Mortality composting helps farmers
posted on September 18, 2013 11:25am
Taking care of animal mortality is an unavoidable respon-sibility on livestock farms. Whether mortalities are due to natural causes, accident or disease, each one must be disposed of in an environmentally appropriate and biosecure way. As off-farm options for dealing with animal mortalities dwindle, more farms are turning to on-farm composting and are learning to turn the compost into a valuable product.
“During the 2013 Michigan Ag Expo, we talked about finishing the compost process,” Dale Rozeboom, Michigan State University (MSU) Extension specialist and MSU animal science professor. “We also discussed compost characteristics, quality, fertility and saleability.”
MSU Extension research and education in on-farm mortality com-posting helps farmers ensure that mortality management is conducted in a safe and effective way that protects the environment. Following MSU Extension guidelines helps farms comply with the Michigan Bodies of Dead Animal Act (BODA). Compliance is required for verification through the Michigan Agriculture Environmental Assurance Program (MAEAP).
BODA rules state: “Finished compost has no visible pieces of soft tissue and that the bones remaining at the time of final utilization shall be fully decomposed, or easily crumbled during the mechanical spreading process, or gathered and placed in a new batch of compost feedstock for further decomposition.” Complete breakdown of bones is not always possible with animals that were six months or older at death and have undergone just six months of composting. On most farms, separation of bones from what would otherwise be finished mortality compost is a manual and undesirable job. Also undesirable, and a violation of BODA, is when mortality compost is spread on the fields leaving whole bones on the surface. They may become a neighborhood nuisance if displaced by pets and wildlife.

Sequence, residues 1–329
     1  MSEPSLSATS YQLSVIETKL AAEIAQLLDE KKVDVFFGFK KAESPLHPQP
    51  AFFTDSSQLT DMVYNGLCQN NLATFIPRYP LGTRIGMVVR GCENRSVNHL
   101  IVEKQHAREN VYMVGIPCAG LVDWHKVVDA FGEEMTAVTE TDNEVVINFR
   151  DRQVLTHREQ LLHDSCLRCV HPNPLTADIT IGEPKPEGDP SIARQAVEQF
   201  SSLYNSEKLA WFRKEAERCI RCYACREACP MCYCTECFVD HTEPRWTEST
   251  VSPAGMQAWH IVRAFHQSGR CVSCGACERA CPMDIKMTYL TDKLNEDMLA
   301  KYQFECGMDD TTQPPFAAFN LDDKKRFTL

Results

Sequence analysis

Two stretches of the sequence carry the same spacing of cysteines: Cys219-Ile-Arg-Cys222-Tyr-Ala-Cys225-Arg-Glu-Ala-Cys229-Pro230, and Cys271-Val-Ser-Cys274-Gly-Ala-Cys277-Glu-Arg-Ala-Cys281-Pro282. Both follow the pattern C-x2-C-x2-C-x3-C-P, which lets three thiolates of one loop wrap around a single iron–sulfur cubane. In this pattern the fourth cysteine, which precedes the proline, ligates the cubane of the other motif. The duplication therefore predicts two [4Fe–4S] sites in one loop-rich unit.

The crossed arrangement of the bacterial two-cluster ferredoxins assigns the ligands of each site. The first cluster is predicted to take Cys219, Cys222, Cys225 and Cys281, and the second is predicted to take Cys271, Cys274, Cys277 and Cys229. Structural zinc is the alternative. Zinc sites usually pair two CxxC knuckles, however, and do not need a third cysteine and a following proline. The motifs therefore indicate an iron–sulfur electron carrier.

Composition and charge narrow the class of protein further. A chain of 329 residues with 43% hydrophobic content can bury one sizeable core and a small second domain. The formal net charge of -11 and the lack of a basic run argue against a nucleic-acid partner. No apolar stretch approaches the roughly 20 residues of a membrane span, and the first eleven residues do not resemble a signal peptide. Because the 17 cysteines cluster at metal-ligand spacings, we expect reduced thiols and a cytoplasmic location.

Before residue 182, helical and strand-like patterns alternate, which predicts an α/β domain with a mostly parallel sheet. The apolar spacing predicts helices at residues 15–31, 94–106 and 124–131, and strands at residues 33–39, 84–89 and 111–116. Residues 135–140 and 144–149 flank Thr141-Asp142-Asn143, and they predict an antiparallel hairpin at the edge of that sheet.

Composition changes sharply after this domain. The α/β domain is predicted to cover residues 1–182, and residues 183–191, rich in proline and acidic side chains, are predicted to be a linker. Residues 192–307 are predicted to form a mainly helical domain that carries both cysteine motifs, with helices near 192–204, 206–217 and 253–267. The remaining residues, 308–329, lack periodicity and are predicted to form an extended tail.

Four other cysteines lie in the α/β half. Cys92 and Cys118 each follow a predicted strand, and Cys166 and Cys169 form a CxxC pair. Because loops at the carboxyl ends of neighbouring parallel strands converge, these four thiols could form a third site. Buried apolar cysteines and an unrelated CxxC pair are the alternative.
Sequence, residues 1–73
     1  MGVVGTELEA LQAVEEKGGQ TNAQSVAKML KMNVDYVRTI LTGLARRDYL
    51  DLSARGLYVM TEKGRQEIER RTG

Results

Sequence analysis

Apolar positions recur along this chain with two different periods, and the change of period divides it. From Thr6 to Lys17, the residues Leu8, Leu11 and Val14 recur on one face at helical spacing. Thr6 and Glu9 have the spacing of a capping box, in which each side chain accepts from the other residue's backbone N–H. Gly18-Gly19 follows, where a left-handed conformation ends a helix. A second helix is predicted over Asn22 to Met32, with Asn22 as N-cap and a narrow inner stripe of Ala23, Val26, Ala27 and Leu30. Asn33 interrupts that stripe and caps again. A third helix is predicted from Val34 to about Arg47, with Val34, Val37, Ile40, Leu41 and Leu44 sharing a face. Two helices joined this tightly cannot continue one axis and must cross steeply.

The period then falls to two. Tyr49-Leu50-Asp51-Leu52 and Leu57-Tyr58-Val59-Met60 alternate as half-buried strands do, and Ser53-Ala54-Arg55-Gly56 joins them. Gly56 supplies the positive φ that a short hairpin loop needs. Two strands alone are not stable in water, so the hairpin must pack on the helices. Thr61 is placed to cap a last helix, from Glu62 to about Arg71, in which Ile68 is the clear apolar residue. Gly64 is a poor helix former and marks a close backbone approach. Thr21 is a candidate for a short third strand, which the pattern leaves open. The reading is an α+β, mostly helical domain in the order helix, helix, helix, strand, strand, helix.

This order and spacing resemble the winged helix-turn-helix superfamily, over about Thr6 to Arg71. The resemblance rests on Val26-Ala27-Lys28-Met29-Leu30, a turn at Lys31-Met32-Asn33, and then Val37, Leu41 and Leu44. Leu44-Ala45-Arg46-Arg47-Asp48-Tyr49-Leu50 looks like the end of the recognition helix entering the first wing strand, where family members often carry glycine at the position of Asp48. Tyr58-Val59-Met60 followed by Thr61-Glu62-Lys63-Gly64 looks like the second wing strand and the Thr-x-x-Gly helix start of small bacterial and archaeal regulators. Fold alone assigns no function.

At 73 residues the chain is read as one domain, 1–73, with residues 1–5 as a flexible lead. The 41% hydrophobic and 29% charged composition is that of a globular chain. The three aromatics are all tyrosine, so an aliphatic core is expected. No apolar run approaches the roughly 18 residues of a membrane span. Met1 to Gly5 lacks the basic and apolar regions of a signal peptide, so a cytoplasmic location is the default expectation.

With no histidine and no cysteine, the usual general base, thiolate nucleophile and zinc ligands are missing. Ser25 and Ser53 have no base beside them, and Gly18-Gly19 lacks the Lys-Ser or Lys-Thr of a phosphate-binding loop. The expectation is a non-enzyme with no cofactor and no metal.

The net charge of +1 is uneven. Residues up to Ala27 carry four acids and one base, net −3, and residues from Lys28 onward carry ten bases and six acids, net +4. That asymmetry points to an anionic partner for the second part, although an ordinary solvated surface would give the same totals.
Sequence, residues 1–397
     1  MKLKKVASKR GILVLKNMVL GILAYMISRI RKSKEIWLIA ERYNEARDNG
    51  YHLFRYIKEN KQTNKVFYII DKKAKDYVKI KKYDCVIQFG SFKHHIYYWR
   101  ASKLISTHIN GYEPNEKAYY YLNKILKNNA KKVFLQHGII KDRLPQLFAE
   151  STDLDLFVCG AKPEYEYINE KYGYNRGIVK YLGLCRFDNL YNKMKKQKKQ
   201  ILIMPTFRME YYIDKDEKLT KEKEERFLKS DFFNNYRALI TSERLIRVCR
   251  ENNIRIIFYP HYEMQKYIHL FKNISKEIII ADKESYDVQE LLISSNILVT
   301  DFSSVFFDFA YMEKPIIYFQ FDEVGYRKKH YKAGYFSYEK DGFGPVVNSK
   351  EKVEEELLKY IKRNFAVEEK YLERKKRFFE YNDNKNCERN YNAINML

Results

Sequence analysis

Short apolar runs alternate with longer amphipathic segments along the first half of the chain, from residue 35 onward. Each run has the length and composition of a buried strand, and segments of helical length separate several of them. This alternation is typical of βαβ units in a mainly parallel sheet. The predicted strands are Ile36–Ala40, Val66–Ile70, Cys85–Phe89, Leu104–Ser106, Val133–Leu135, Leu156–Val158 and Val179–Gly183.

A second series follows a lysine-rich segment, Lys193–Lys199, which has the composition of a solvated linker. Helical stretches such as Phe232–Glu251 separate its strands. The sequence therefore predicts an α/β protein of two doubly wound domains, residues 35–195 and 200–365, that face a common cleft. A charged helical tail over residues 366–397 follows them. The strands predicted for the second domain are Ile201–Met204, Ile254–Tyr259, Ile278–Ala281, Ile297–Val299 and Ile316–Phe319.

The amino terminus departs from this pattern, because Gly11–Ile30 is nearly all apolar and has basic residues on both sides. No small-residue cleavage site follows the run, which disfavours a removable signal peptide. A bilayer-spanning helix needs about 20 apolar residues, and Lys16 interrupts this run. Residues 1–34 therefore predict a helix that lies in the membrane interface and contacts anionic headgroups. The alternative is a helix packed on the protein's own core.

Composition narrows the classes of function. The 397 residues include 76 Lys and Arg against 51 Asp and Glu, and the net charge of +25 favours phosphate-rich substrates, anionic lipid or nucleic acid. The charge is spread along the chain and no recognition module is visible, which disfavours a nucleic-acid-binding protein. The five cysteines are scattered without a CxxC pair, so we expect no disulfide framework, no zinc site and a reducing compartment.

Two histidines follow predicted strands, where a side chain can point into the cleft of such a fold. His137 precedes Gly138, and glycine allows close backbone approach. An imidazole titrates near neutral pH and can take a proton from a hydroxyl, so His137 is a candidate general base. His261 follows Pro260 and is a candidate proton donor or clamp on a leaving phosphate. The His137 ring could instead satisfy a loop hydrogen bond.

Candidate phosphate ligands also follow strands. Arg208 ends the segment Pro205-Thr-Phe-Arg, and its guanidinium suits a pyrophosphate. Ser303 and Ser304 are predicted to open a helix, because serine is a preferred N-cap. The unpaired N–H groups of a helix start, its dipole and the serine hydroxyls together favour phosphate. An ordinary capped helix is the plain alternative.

Composting is a dynamic process. The animal carcass is enclosed in a mixture of plant or fiber-rich materials such as wood chips, waste feed or used compost. Microorganisms in the mixture will utilize moisture, carbon and oxygen to break down the carcass tissues while releasing heat. Farm operators who use mortality composting ultimately discover that the larger bones of an animal carcass can take a considerable amount of time to be completely reduced. For older animals, significant decompo-sition of the bones may take one to two years.
How to deal with residual bones from livestock composting was discussed at a series of daily demonstrations hosted by MSU Extension during the 2013 Michigan Ag Expo:
• Conditions in which bones can be field applied or buried.
• Screening bones from the finished compost and reincorporation into compost.
• Mechanical screening and grinding.
More information on dealing with residual bones from livestock composting can be found at http://www.msue.anr.msu.edu by searching for “screening compost”. Several helpful mortality composting guides are also availabe at the MSU Extension Bookstore online at http://bookstore.msue.msu.edu